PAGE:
How to not get killed in a press interview like Tumblr

UntitledIf you want to see a CEO experience a deer-in-the-headlights moment, watch this video of Tumblr CEO David Karp get killed by a sharp reporter on Squawk Box.

It’s painful. (And his mention of the Bill of Rights, while using wording of the Declaration of Independence… eeesh.)

The fault lay in his prep work, which was shoddy.  Going on a show like Squawk Box is no light thing. This is a show whose whole premise is the art of the argument.

In other words, when you’re going to show up at a gunfight, don’t bring a knife. Bring a gun.

Now, I empathize with him. Many years ago, I was one of a bunch of young VPs at a hot software company (Quarterdeck, now Symantec). Our PR exec was (understandably) very worried about our dealings with the press.  One day, I remember her mentioning that we were going to get media coaching, but didn’t pay much attention to it.

A week later, I had just gotten into my office early in the morning, when the whole room exploded in light. There was a reporter with a cameraman barging into my office.

Now, if you haven’t experienced this kind of attack reporting, it’s very unnerving. So I was immediately on the defensive.

“Mr. Eckelberry,” the reporter said, aggressively. “What is your comment on the fact that your software is being used right now by the government of Bosnia to manage the ethinic killings of thousands of people?”


Totally taken by surprise, I gave some mumbled reply, something to the effect that “we can’t be responsible for how our software gets used.”

Then the PR exec walked in and told me I had failed the first part of media coaching. The reporter, who, it turned out, was actually one of the media coaches, was kind about it.  But the rest of the day was spent getting drilled cold on handling the press. And I’ve been working with the press ever since, including stints on national television, radio and various print media. I’ve had varying degrees of success, but at least I know when I’ve made a mistake.

So I had my own “deer-in-the-headlights” moment.

But that doesn’t excuse what happened. His mistake was a) poor preparation and b) poor coaching (which would include heavy amounts of drilling for every type of question asked). In fact, I might look to his PR agency more than I’d blame him.

There are some pointers to remember to avoid getting caught like David Karp.

–  Recognize that the normal rules of communication in a combative situation like this don’t apply. This is a fencing match, not a light dinner conversation with a group of friends in San Francisco.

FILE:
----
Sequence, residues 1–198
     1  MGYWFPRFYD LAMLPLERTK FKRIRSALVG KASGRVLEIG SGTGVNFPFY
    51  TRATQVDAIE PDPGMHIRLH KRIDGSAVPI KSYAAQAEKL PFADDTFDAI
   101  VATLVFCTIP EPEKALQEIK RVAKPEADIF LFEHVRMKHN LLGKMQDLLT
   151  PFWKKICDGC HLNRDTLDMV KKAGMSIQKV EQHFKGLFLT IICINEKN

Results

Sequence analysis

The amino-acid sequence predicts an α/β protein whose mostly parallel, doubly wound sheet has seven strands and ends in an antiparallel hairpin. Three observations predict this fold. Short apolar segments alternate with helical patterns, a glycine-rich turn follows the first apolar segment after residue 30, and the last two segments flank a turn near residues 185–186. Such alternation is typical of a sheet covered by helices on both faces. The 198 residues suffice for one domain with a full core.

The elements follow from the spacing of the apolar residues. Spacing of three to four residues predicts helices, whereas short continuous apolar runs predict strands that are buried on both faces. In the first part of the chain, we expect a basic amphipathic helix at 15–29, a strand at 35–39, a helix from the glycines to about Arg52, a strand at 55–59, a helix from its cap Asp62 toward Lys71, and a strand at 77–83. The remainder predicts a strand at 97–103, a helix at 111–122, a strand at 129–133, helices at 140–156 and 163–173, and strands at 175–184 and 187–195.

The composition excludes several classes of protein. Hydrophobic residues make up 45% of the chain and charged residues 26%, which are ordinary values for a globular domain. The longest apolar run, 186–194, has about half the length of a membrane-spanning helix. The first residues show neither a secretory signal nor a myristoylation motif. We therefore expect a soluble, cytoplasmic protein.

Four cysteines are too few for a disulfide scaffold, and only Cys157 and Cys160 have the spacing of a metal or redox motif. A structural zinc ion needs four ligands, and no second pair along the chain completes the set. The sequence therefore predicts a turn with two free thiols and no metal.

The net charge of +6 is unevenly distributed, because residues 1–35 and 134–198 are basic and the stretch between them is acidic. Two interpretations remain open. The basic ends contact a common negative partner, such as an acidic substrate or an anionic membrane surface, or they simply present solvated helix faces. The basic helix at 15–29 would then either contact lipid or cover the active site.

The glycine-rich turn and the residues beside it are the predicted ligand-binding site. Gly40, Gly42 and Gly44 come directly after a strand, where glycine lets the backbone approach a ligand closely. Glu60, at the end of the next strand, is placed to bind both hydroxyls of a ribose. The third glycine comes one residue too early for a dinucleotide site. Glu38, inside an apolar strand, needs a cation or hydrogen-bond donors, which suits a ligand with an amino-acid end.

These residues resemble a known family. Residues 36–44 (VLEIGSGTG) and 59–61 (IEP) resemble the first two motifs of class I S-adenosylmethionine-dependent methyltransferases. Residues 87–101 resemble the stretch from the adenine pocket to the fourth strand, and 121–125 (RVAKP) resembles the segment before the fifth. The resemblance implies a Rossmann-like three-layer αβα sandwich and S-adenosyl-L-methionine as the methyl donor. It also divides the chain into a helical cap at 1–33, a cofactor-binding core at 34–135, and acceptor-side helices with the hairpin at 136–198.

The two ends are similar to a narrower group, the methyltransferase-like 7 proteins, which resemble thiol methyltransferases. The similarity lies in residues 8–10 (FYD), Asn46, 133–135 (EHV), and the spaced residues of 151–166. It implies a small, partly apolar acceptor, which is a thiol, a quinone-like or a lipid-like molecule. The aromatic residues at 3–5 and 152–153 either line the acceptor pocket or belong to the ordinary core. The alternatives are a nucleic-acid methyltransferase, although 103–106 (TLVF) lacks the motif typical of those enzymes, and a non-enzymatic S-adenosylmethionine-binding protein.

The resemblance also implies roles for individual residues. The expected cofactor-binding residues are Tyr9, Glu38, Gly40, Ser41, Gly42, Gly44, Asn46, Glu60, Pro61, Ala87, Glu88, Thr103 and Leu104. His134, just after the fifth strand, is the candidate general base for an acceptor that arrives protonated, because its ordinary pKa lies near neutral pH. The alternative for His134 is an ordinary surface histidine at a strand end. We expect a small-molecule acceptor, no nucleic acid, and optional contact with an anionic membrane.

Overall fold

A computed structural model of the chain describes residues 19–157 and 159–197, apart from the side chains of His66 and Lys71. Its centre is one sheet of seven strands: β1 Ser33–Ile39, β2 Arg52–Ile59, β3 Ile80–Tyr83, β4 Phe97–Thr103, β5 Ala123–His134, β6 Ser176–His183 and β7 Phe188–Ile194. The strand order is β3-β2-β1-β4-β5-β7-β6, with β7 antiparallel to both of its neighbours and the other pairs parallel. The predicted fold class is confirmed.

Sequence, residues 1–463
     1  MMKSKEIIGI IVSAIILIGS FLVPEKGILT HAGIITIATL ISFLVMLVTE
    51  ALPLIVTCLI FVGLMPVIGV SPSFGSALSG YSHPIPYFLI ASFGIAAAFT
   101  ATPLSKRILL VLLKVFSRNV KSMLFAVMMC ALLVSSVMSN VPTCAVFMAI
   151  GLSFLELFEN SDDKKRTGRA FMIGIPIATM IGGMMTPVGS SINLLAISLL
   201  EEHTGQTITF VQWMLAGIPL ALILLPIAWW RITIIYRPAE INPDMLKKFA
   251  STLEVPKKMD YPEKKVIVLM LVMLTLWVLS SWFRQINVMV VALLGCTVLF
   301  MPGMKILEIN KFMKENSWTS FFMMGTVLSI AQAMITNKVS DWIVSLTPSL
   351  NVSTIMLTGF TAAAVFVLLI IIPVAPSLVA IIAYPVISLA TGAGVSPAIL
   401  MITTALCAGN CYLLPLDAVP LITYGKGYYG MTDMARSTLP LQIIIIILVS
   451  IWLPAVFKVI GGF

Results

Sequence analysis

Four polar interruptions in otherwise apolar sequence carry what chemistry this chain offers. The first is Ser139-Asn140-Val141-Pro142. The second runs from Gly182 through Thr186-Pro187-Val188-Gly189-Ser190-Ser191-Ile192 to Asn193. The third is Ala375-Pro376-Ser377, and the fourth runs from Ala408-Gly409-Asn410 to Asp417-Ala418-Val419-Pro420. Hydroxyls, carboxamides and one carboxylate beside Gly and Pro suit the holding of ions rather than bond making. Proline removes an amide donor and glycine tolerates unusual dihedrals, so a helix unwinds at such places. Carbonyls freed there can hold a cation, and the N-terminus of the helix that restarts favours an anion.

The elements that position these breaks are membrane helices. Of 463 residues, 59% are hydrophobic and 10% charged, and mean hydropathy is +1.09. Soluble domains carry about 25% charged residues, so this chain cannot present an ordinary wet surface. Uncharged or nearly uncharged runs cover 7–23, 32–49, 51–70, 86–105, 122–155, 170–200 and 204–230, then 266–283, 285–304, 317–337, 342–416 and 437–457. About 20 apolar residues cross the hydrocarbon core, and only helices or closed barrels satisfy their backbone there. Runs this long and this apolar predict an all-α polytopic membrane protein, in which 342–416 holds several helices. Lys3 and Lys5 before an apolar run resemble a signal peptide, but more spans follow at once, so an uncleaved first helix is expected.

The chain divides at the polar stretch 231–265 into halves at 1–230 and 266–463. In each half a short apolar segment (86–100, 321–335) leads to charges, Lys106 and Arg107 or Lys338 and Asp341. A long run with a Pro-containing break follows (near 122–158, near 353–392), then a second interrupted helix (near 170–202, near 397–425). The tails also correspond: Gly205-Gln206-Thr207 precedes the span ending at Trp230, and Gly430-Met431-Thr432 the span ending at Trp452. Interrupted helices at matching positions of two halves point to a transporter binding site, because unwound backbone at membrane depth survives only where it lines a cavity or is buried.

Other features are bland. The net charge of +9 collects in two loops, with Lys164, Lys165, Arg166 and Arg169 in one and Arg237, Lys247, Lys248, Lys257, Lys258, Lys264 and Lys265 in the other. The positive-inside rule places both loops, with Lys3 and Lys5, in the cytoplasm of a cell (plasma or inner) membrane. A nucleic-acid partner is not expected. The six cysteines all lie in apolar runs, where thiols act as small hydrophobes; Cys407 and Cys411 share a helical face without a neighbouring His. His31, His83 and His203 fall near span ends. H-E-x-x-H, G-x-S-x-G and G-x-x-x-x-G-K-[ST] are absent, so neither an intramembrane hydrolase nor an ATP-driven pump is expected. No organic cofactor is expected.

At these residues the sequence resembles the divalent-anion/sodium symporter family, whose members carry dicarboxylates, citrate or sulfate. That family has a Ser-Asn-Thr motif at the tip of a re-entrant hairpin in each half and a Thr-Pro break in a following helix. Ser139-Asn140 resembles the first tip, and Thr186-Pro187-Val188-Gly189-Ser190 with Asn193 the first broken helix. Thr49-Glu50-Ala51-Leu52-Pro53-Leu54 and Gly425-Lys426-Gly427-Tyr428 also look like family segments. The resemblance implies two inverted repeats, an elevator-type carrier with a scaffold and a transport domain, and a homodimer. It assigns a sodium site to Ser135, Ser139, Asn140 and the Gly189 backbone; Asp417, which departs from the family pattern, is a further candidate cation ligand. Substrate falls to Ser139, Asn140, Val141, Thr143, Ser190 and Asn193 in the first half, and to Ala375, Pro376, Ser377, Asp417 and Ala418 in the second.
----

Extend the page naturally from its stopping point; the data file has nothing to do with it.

–  Always have an “island” you can retreat to. This is a safe place, that you know cold. It is a positive response crafted as a response to an uncomfortble situation or a negative attack. Reporter attacks, you don’t know what to do, retreat to the safe place. Great politicians are masters of this. You may disagree with the tactic, but when you’re under the hot lights and a camera, you’ll be grateful to have this advice.

Reporter: “Your product is used in destroying the internet!” Answer: “We condemn any practice that would affect the rights and freedoms of individuals…” and then pivot to the “island”: “Our software is used for productive purposes by millions of people all over the world to create online communities that foster a better life…”

– Use verbal pauses to give you time. When you’re under the spotlight, a second feels like an eternity. But a casual “umm” is not noticed by the viewer. It will give you time to craft your response. It will also make you feel a lot less nervous.

– Don’t get trapped in the reporter’s language. General Norman Schwarzkopf was brilliant with the press. When asked if he was a hawk or a dove, he answered “I am an owl”. Genius response, but then, he was a pro. It takes time to learn how to think on your feet like this.

– Nature abhors a vacuum, so you must have facts to fill the vacuum. This is one thing that is misunderstood by a lot of execs, but it’s incredibly important.

Have facts at your fingertips, and counter negativity with actual information. “I hear you’re working with the NSA to create a backdoor for them to eavesdrop on citizens”.  Answer: “That is incorrect. Our software has gone through a rigorous audit by 17 different security organizations. In fact, there’s a letter I can point you to…”.  You can’t just say “no”. You must fill the vacuum.

–  Crises: If you screw up, take full responsibility, apologize, explain the steps you are doing to make sure it never happens again (and then do those steps).

I’ve had a few crises in my life. I had a news story blow up massively in my face once when it was found that our security software was mis-labeling an innocent component installed on Samsung laptops as malware. This blew up all over the internet, with claims that “Samsung was shipping malware”. Except: They were innocent. I did the only thing I could do — we found out it was a false positive, and I immediately issued a complete mea culpa with a plan on how to fix it.

And in a crisis, don’t ever say “no comment”. Say things like “We are aggressively reviewing the situation and will have a statement as soon as we have all of the facts”. Anything “no comment”.

Realize the court of public opinion is critical, and delays in response are deadly. The lawyers may be advising one thing, but lawyers aren’t trained in PR. Act fast, act decisively, act right, and the crisis will blow over.

Anyway, there is much more to be said about dealing with the media. The key thing to remember is preparation.

Most of the time, dealing with the press can be quite pleasant (especially trade press) and one doesn’t need to be in a hyper-defensive posture. But for those cases when you’re going to be attacked, be ready. As we used to say in the Boy Scouts, “Prepare for the worst, hope for the best”.

David, are you listening?


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